I don’t consider myself an expert on Long Island. I wasn’t born here. I arrived here as a 17-year-old college student in the mid-1970s, landing at Dowling College, on a lovely campus situated on the banks of the Connetquot River. It was about 350 miles away from Avoca, the tiny upstate town where I grew up, population 1,996. Before coming here, I knew nothing about the Island. It was merely a spot on a map, a place surrounded by water. After college, it became my home away from home. But it will never feel like my true home because I was not born on its soil.
Long Island, I found, is a place where life is somewhat slow and simple, not unlike Avoca -- you feel a deep connection to the world around you. It’s a place where you can sit outside a Starbucks and be creative on your laptop for hours, and no one bothers you.
It’s a place where you can walk on a beach and feel the sweet ocean breeze on your skin and put all your concerns aside as you traipse along barefoot and fancy-free. You can worship and dream big dreams and lie on a park bench with a book shading your face from the sun. You can walk onto the grounds of a college campus and sit on a concrete block, listen to music, and watch the students rushing to class with armloads of books.
It’s where, on a sweltering day, you can step into a supermarket and be enveloped by chilly air and see shoppers in crowded aisles poring over their lists or apps to see what bargains await. You can go to a matinee and sit alone in a theater, watching a movie you don’t really care about but, for two hours, allow yourself to be swept away to a motion picture fantasyland.
Long Island is a place where you can visit a cemetery and “talk” to a loved one, then read the names on nearby tombstones and imagine what their lives may have been like.
You can visit an aquarium and come face-to-face with a shark, seal or sea lion. Or visit a playground and sit on a swing, ask a friend to give you a few gentle pushes, and be taken back to your youth when swings, wooden teeter-totters, hopscotch and hide-and-seek were the norm. Or visit a convenience store and play a lottery ticket, dreaming about what you’ll spend your money on when you become the lucky big winner.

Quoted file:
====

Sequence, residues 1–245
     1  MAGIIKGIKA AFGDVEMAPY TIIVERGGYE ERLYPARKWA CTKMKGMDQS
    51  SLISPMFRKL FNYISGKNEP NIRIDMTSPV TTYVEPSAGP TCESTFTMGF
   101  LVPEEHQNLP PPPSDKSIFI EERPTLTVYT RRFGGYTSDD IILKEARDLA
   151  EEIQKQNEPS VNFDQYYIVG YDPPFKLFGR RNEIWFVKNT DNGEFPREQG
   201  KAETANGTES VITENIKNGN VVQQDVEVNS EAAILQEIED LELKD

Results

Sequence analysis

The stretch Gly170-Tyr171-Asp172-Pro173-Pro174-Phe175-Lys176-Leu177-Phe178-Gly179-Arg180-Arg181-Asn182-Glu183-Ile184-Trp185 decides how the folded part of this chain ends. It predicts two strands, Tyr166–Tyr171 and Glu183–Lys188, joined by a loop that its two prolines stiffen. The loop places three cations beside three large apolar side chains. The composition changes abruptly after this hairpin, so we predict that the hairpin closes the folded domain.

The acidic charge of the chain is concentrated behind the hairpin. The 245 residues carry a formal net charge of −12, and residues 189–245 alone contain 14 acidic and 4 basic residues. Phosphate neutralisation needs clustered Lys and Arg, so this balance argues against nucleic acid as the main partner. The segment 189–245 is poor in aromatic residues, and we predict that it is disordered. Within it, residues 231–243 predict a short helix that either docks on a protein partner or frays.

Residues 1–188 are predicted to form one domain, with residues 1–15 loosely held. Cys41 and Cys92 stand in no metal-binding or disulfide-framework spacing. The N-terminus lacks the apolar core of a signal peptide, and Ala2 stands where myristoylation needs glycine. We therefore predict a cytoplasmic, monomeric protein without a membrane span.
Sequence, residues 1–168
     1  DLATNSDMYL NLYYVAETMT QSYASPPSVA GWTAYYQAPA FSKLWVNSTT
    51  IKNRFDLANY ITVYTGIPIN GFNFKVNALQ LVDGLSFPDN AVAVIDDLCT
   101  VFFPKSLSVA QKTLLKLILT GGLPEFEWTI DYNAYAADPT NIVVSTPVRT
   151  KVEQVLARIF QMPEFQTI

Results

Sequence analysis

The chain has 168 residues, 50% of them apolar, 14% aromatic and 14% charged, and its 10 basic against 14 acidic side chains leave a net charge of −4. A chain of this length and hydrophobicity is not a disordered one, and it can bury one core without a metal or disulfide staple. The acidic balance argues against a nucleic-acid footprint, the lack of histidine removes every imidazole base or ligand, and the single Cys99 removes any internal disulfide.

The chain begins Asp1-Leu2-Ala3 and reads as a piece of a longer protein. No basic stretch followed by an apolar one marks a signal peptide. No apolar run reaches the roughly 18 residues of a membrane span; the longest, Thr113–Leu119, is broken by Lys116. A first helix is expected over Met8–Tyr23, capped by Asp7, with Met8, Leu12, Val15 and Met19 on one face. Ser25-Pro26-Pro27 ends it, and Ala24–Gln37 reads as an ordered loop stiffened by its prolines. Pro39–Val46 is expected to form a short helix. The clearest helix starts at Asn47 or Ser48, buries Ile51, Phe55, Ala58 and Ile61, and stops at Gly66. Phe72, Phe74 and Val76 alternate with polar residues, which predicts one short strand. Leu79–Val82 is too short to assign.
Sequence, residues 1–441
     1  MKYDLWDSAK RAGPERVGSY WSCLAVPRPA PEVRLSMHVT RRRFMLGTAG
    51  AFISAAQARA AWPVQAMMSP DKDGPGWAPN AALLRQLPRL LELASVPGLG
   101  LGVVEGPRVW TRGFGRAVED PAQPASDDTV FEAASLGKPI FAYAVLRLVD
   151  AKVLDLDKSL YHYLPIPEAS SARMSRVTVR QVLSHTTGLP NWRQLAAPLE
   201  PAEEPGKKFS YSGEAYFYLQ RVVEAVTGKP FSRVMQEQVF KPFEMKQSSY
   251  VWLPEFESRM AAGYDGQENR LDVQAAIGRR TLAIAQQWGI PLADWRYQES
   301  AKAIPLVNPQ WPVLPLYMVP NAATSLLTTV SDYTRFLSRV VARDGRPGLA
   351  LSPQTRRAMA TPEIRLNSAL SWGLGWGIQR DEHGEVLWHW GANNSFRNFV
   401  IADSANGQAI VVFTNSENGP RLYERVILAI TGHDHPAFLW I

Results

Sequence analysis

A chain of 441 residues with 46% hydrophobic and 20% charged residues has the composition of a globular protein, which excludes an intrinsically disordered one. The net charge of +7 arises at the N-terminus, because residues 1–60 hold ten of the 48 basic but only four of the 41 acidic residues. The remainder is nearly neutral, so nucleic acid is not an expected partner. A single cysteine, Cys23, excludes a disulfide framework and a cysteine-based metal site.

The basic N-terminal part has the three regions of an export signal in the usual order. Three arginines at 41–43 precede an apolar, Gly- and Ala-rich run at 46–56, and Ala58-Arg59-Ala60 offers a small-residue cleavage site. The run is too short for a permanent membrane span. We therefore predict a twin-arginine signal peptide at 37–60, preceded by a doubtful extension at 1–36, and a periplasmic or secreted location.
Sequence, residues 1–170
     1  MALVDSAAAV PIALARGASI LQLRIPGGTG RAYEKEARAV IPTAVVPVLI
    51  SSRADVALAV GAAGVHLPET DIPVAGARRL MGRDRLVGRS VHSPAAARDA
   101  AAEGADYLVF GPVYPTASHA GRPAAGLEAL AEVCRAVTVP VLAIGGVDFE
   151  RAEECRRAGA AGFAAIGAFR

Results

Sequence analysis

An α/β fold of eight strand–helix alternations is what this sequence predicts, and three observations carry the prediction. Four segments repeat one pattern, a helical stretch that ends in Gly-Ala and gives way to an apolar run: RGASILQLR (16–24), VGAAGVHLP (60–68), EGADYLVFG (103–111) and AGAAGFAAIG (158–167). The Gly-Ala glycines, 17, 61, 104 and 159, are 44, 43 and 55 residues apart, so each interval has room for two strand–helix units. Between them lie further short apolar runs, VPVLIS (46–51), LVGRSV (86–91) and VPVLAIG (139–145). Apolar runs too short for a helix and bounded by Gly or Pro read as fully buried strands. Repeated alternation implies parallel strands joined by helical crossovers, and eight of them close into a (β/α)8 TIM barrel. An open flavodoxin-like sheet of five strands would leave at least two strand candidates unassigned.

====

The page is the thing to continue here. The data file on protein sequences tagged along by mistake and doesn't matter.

You can meet a friend at a park and walk along a squirrel-favored path and talk about the good old days, when life was simpler and only nurses and doctors wore masks.
You can experience culture by exploring museums that dot the Island’s landscape or feel patriotic by visiting stirring 9/11 tributes and read the names of Long Islanders who started their day like any other but who never came home that night.
When I arrived here as a teenager, I had no idea I would plant my own little roots in soil that seemed so foreign to me back then. Yet, despite those seeds and an appreciation for all that the Island has to offer, I will always feel like an outsider, smiling as I look through a lens at the special uniqueness that is Long Island. My children and their children, though, can truly call it home.
Reader Beverly Robinson lives in Hempstead.